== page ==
It’s important to identify and treat hearing loss in children right away. Untreated hearing loss in children has been shown to lead to delayed speech and language skills, learning problems in school, poor self-esteem and difficulty making friends. Below are some of the most common causes of pediatric hearing loss.
Acquired hearing loss describes a hearing loss that presents after birth, usually the result of a disease, medical condition or injury. The following are common acquired causes of hearing loss in children:
- Ototoxic drugs
- Chicken pox
- Head injury
- Noise exposure
- Otitis media
Otitis media, more commonly referred to as a middle ear infection, is inflammation in the middle ear caused by fluid buildup that may or may not be infected. Otitis media is the most frequently diagnosed disease in infants and young children. In fact, 75% of children experience at least one middle ear infection by their third birthday.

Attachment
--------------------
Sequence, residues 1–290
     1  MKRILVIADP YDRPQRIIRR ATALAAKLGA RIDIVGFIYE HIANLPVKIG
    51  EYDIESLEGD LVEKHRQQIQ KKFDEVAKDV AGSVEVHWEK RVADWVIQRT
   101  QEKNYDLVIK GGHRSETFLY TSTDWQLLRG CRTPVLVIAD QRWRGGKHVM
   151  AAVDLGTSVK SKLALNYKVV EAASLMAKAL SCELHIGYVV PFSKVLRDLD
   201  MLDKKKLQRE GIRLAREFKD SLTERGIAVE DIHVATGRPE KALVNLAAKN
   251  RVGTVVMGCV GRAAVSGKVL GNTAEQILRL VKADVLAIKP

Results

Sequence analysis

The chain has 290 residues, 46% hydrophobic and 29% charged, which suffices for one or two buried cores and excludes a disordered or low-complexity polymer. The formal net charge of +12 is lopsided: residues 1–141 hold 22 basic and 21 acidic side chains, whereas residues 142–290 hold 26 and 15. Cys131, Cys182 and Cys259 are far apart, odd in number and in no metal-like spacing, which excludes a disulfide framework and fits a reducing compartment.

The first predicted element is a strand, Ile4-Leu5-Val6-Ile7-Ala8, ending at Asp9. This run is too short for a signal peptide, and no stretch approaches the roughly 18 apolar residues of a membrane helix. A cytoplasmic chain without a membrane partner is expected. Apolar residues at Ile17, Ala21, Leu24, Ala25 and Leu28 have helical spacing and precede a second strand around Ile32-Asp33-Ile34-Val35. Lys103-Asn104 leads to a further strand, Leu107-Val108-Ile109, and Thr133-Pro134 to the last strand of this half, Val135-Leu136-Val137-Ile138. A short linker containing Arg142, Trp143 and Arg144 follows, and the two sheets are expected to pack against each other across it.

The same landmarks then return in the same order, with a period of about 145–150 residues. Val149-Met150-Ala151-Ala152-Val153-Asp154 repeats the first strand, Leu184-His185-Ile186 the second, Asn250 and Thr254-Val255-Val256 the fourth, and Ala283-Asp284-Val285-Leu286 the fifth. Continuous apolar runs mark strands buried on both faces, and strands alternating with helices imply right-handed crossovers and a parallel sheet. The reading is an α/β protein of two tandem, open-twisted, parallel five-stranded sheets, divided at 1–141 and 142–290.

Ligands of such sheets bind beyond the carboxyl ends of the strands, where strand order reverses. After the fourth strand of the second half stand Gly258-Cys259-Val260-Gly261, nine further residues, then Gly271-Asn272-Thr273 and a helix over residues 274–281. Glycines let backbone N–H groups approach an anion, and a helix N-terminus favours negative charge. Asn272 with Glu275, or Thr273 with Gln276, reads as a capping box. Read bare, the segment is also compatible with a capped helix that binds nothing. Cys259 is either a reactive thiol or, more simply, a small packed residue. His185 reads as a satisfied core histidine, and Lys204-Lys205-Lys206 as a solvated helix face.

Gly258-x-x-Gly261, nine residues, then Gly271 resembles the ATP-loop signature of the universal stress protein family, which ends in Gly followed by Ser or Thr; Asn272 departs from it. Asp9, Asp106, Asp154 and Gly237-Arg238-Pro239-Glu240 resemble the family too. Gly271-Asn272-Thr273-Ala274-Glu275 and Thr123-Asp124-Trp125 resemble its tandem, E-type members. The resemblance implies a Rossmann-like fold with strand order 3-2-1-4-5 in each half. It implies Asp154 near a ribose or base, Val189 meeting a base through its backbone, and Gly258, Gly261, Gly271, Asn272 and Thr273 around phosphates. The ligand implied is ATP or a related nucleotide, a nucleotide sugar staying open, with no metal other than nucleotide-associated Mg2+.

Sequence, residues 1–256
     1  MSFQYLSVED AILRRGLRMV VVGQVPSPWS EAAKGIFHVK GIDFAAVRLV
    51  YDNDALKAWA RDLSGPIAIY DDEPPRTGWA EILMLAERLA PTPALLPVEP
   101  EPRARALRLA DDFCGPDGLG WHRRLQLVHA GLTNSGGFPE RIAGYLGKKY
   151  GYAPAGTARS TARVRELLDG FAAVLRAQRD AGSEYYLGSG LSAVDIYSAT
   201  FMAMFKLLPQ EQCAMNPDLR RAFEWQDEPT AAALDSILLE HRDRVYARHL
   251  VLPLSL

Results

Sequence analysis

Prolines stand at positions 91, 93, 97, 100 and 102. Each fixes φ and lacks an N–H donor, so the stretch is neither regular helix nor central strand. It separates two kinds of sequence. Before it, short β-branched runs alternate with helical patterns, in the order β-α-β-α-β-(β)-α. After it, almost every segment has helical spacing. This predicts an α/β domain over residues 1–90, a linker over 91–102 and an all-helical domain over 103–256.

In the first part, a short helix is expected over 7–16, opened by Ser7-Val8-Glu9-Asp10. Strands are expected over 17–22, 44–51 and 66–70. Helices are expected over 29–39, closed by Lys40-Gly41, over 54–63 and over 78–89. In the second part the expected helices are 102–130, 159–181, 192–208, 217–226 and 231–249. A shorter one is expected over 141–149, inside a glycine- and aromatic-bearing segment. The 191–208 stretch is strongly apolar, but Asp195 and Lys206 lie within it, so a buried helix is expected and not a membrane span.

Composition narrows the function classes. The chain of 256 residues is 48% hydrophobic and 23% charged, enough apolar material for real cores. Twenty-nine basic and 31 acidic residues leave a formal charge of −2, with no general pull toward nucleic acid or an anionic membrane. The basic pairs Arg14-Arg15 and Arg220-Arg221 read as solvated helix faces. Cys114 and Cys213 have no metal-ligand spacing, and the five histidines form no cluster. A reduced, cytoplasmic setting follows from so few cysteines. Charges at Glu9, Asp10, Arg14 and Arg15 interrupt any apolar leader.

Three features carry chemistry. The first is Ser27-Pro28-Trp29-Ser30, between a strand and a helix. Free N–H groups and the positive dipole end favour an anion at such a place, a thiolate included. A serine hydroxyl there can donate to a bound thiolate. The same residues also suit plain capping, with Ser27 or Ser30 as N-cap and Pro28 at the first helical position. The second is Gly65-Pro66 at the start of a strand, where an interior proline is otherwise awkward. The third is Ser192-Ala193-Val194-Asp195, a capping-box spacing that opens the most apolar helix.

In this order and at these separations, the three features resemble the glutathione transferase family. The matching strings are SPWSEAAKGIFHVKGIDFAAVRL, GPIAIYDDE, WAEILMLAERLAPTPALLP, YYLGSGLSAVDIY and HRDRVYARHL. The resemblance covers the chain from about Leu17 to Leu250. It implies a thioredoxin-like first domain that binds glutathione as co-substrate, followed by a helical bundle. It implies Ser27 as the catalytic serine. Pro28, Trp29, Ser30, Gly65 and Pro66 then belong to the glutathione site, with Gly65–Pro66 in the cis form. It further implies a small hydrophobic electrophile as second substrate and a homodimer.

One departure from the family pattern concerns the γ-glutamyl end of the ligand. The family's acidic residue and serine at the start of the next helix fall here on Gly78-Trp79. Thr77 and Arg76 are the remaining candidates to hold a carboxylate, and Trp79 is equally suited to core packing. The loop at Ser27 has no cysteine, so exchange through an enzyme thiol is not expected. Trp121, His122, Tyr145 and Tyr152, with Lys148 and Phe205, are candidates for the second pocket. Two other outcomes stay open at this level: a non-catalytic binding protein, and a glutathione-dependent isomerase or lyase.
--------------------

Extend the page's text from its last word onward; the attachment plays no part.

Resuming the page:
The reason this condition is so common in children is because their Eustachian tubes, which connect the middle ear to the back of the throat, are much smaller and more horizontal than adults’, meaning they have more trouble allowing fluid to drain.
When fluid is present, vibrations cannot be transmitted as efficiently through the three tiny bones in the middle ear, causing sounds to be muffled or inaudible. This type of hearing loss is called conductive hearing loss, and it usually goes away once the infection clears. However, chronic cases can damage the ears and cause permanent sensorineural hearing loss.
Congenital hearing loss is a hearing loss that is present from birth. This includes hereditary hearing loss caused by genetics as well as hearing loss caused by factors present in utero or at the time of birth.
Genetic factors account for more than 50% of all incidents of congenital hearing loss, which may be:
- Autosomal dominant: One parent carries a dominant gene and passes it to the child
- Autosomal recessive: Both parents carry a recessive gene and pass it to the child
- X-linked: The mother carries a recessive gene on the sex chromosome which can be passed only to males
Other congenital causes include:
- Intrauterine infections
- Complications with Rh factor in the blood
- Maternal diabetes
- Toxemia during pregnancy
- Lack of oxygen
For more information or to schedule a hearing test for your child, call the Tinnitus & Hearing Experts today.